These cuts have negatively impacted staffing and service levels at CMH. Since 2015, CMH has lost 70 clinical, vocational, and administrative staff members. Since 2014, CMH has discharged 350 people from receiving services. Without additional dedicated funding for CMH and WCSO, service and staffing levels are likely to see deep cuts in the coming years.

What are millages and how do they work?

A millage is a way of collecting property taxes for a specific purpose—often schools or roads or, in this case, mental health and public safety. The current millage is 1 mill, which is equal to $1 of tax for every $1,000 of the taxable value of a home (taxable value is almost always half the value of a home’s market value). For example, if your home is worth $200,000, its taxable value is $100,000, and you would pay $100 per year for this millage.

How much will this millage raise and where will it go?

The millage is projected to raise roughly $15.4 million per year. The language of the millage dictates that money raised will be distributed according to the following formula:

  • 38% (roughly $5.86 million) to Washtenaw County Community Mental Health (CMH)
  • 38% (roughly $5.86 million) to Washtenaw County Sheriff’s Office (WCSO)
  • 24% (roughly $3.7 million) rebated to localities with their own police departments

How will money raised for this millage be spent?

The overall goal of the millage is to provide CMH and WCSO with the resources to handle mental health issues proactively. It also enables them to share resources and coordinate services more effectively. Specifically, we will focus on:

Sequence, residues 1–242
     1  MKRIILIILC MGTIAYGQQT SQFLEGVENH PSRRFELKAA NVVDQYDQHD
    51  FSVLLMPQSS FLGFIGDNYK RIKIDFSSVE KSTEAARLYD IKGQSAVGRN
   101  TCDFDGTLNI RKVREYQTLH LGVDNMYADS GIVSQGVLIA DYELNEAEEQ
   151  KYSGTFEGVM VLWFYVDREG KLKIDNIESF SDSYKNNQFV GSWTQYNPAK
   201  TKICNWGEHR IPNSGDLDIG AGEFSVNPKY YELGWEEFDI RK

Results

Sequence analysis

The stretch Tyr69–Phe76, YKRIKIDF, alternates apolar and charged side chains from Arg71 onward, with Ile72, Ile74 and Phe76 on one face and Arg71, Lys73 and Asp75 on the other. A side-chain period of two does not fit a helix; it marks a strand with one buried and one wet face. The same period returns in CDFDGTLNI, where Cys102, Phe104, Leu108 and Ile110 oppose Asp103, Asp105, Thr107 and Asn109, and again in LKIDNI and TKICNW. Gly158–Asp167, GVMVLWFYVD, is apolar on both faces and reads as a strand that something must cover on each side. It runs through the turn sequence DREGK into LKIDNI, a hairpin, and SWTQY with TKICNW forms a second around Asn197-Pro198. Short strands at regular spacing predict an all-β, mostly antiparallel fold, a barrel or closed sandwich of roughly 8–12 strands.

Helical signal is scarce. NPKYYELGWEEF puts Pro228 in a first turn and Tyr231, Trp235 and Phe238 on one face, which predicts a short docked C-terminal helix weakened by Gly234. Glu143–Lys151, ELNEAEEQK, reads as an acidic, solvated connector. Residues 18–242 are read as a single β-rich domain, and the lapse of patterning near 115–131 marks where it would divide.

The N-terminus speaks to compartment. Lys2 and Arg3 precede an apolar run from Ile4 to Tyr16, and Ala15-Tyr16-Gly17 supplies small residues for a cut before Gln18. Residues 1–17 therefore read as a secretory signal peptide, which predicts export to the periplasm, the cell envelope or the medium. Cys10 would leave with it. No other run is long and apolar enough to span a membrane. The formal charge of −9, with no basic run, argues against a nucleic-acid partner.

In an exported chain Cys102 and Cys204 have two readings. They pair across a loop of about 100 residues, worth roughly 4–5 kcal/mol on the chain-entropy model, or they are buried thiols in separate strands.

• Community Mental Health
  • Crisis: Addressing mental health and substance abuse crises, which include immediate crisis assessment, referral, treatment, and diversion from jail or emergency departments. Additionally, funds will be used for supportive services post-crisis.
  • Stabilization: Providing mental health services to adults and children with severe mental illness and/or developmental disabilities who do not currently qualify for services—whether due to insurance status, unaffordable deductibles, or because traditional outpatient treatment is not adequate.
  • Prevention: Supporting mental health awareness, prevention, and early intervention programming for use in working with community partners, including schools, law enforcement and other first responders, and health care providers.
  • Jail Services: Includes mental health and substance abuse assessment and treatment inclusive of counseling and psychiatric services and prisoner re-entry with a focus on case management.
  • Washtenaw County Sheriff’s Office
  • Training programs for public safety officers so they can respond effectively when facing a mental health-related issue
  • Diversion programs to move low-level offenders with mental health issues out of the law enforcement system and  into the CMH system for services
  • Local Rebate
  • State law requires that the County Commission rebate any funds generated by the millage to the localities’ general funds. Decisions on how to spend rebate money are solely at the discretion of the city or township council.

For more information, please visit